One study investigated the effect of an opiate (remifentanil) on patients with moderate OSA. Remifentanil infusion did not significantly change AHI (MD 10.00, 95% CI -9.83 to 29.83); however it did significantly decrease the number of obstructive apnoeas (MD -9.00, 95% CI -17.40 to -0.60) and significantly increased the number of central apnoeas (MD 16.00, 95% CI -2.21 to 34.21). Similarly, although without significant effect on obstructive apnoeas, central apnoeas were increased in the sodium oxybate 9 g treatment group (MD 7.3 (18); P value = 0.005) in a cross-over trial.
Drugs studied in this review were generally well tolerated, apart from adverse events reported in 19 study participants prescribed remifentanil (n = 1), eszopiclone (n = 6), sodium oxybate (n = 9) or ramelteon (n = 3).
Can opioids make sleep apnea worse? ›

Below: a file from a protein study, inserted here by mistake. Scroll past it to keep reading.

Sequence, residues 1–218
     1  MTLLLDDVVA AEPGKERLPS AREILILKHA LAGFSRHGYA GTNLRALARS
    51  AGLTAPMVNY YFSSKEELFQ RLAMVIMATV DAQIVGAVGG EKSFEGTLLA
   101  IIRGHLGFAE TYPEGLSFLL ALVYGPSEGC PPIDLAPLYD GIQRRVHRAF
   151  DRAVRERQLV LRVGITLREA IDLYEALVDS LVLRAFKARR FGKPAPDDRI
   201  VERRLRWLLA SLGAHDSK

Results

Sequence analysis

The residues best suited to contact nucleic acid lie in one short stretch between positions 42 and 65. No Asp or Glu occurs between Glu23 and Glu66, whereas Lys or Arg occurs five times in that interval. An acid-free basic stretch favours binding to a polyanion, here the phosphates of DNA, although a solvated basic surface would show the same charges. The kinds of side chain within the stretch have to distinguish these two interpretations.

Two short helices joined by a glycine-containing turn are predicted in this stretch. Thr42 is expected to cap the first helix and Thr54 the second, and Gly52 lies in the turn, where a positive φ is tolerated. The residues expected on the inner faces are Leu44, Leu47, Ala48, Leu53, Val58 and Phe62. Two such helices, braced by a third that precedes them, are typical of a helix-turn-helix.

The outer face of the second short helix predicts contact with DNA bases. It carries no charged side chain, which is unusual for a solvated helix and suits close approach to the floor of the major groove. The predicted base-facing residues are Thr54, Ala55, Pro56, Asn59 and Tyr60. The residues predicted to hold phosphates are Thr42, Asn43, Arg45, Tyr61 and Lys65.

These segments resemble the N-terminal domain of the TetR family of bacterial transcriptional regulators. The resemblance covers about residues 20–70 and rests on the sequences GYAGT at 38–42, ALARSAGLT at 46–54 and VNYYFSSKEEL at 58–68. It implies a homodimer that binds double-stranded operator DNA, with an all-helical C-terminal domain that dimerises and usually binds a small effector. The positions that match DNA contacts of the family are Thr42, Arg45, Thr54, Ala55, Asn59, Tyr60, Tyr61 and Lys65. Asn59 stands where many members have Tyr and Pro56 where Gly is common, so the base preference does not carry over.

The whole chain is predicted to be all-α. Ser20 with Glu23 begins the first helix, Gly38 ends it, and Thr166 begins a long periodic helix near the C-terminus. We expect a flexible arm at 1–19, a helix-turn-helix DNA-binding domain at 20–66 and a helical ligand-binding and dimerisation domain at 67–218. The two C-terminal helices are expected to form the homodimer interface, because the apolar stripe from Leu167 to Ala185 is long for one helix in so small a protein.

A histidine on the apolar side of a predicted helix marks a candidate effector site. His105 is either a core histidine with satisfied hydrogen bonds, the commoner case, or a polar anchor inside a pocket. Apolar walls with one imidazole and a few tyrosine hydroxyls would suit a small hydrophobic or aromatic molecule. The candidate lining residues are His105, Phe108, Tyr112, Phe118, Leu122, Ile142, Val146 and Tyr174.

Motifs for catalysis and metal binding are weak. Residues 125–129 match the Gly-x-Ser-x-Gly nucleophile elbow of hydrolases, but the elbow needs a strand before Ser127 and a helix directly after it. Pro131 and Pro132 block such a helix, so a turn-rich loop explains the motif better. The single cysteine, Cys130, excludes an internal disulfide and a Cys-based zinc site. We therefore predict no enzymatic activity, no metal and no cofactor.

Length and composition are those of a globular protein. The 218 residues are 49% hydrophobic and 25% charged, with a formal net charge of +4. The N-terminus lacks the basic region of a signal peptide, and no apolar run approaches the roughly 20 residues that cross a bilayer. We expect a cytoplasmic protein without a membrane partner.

Animal and human studies indicate that opioid use may lead to sleep-disordered breathing. Opioids affect control of breathing and impair upper airway function, causing central apneas, upper airway obstruction, and hypoxemia during sleep.Do sedatives make sleep apnea worse? ›
The muscles in the tongue and soft palate already lose much of their muscular tone while you're asleep; with the addition of sleeping pills, the relaxation becomes even worse. As a result, your sleep apnea is likely to become even more severe than it already is.What medications should you avoid for obstructive sleep apnea? ›
- Some beta-blockers.
- Sildenafil (an erectile dysfunction drug)
- Drugs that cause you to gain weight.